At times it seemed that a number of interacting characters had the exact same haircut, this didn’t encourage me to read properly and instead I found myself skimming and clicking ‘next’

To be perfectly honest I don’t feel the time spent reading all the comics was necessarily time well spent, there were a few strips that I found funny (most of which involved Pintsize – the little round-headed robot above who is usually more sex obsessed) and a whole lot of romantic angst (of various flavours) and mental health awareness pieces – which is important however not my idea of fun

However now it will be quicker to check just the new strips to see if they have Pintsize in so that’s sort of a win…

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Book: John P. Logsdon and Christopher P. Young’s The Merging – “…walking around with his shirt open because he looks like a Chippendale’s model”

Ian Dex is a genetically-enhanced individual – as are most of the team of the paranormal police in Las Vegas. These enhancements also make him- and the rest of his team, very horny – which is frankly a weird thing to make a core part of your world building, but whatever it’s different I guess…

In terms of plot the book is largely about how Ian has slept with most of his team and pretty much anything female with a pulse, although there is a number of super-sized and super-strong vampires, werewolves and succubus picking fights all over town

the merging

Apparently this book is meant to be action and comedy – urban fantasy with a bit of police procedural and a sense of  humour, I noticed the action and it was ok however the comedy aspect passed me by almost completely. I’m wondering if I just wasn’t in the mood for it as the Amazon reviews for ‘The Merging’ seem really positive and I was totally indifferent to it

The only real impact this book had was to generate a thought-chain about why HR hadn’t got involved over what was very clearly appropriate sexual behaviour in the workplace

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Book: Brad Magnarella’s Demon Moon – “Something tells me I’m in over my head.”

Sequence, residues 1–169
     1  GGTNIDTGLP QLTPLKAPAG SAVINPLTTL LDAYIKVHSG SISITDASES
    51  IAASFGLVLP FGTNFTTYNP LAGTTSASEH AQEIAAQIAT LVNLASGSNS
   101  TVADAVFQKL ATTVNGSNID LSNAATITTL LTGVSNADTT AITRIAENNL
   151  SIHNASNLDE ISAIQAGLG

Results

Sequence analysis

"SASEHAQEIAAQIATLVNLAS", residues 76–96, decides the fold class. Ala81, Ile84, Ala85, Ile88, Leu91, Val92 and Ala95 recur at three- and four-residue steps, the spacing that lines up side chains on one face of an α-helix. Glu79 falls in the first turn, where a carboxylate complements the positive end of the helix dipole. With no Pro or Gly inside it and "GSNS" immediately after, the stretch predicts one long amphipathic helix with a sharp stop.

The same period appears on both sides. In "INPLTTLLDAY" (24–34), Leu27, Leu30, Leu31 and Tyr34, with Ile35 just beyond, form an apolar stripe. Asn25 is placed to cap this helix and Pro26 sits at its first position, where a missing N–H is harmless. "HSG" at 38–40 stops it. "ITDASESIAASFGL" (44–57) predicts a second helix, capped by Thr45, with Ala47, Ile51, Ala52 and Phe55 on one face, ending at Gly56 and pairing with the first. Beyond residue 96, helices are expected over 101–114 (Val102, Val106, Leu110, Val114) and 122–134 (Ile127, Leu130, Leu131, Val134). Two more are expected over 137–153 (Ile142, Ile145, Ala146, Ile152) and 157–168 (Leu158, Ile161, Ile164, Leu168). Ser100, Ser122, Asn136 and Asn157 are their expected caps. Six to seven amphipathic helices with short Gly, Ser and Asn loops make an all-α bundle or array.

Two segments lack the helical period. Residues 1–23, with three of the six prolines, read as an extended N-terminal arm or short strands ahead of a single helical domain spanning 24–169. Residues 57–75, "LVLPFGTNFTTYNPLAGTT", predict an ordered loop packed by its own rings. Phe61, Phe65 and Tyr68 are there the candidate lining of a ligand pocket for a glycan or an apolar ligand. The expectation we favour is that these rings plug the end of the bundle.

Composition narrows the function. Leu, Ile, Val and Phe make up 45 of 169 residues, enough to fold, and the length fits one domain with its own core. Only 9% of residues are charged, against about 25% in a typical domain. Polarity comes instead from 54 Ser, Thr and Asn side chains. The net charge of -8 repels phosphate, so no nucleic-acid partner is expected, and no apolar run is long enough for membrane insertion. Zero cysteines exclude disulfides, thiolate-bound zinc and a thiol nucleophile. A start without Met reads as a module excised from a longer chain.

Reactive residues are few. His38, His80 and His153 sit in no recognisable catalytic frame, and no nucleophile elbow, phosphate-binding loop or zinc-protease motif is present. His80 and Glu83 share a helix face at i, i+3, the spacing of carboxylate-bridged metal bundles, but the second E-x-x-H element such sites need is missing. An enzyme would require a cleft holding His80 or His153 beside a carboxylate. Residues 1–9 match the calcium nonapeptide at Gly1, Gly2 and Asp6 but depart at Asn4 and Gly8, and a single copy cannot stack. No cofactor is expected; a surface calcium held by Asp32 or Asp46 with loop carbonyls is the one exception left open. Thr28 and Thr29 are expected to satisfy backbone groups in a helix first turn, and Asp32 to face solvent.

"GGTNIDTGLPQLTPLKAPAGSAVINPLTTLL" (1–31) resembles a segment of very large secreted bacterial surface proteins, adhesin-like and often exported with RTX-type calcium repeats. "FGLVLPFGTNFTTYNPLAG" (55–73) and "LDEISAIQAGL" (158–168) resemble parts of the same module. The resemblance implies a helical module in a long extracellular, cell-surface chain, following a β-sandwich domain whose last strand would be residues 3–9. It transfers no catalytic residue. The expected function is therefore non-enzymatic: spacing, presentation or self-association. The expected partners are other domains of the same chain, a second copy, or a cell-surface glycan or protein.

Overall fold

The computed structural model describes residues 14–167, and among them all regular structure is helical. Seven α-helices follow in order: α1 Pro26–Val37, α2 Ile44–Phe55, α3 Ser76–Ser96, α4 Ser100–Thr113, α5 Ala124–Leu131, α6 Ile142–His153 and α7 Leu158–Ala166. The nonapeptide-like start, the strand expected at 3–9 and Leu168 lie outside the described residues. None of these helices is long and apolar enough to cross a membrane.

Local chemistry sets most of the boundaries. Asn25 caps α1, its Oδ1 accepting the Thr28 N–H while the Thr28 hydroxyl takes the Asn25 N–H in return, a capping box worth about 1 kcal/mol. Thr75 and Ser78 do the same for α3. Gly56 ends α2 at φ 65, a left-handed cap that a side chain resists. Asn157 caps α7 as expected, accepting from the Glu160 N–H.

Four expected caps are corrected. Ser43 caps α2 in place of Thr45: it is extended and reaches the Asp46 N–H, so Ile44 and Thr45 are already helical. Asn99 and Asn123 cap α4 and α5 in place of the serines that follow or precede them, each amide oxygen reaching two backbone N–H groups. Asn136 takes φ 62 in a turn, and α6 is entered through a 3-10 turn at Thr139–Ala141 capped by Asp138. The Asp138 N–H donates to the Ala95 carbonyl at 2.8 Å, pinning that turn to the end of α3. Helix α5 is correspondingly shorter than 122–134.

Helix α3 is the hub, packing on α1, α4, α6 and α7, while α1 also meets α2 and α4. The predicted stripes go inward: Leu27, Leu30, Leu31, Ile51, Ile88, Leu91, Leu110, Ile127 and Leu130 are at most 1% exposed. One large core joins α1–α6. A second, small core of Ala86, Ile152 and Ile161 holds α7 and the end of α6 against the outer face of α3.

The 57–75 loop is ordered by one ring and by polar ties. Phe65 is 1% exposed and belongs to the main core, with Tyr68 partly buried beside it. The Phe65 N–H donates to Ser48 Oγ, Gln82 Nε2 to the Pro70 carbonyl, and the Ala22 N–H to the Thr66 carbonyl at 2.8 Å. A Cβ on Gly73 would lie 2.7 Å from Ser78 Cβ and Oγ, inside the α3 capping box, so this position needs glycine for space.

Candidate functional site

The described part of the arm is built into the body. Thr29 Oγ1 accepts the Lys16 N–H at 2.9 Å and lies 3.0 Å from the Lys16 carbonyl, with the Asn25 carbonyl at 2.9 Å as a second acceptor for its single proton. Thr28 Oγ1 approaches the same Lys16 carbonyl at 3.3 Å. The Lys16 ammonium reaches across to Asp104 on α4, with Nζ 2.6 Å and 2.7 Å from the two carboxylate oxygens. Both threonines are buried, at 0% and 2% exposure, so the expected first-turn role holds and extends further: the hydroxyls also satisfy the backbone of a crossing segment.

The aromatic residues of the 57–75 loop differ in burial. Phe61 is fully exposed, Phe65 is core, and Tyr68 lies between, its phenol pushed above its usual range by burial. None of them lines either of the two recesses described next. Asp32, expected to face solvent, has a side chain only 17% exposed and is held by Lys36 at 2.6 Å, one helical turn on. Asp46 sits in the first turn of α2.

This might sound like a tangent, however I don’t like Spider-Man; the reason I don’t like Spider-man is he has a day job which allows him to muddle along in a hand-to-mouth sort of way and then an unpaid night job which puts him through hell and jeopardises everything good in his life – including his crumby day job

demon moon

This basically sums up Everson Croft’s life, he has some powers but isn’t really that in control of the potential those powers bring, he has a day job that is constantly suffering from his underpaid night activities as a wizard and he’s rather dull

 

‘Demon Moon’ is a readable book, it just isn’t terribly memorable and wasn’t my idea of good fun – I’m look for escapism not a meagre mundane existence with the occasional monster

 

*Link to Amazon if you are so inclined*

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Jane Hinchey’s ‘Straight To Hell’ – “All I want to do is go back to my peaceful life in Hell”

This book was recommended to me and the opening lines of the blurb sounded promising:

“My name is Lucifer. You can call me Lucy – I’m also known as the Devil and Satan, though why my idiot brothers came up with those nicknames is beyond me. I’m an Arch Angel and I run Hell. Yep, I’m the CEO”

It transpires that the plot is nothing to do with her being the CEO of Hell, instead Lucy goes to Earth, gets tired and hungry like a mortal then shags some bloke whilst playing Nancy Drew on a case involving a soul sucker.

Nothing about the book felt original or engaging in its own right, the author seems to know this as she opts for a half-baked cliff-hanger ending with a dodgy alternative Point Of View final chapter – perhaps as a last ditch attempt to drag us into Hell with her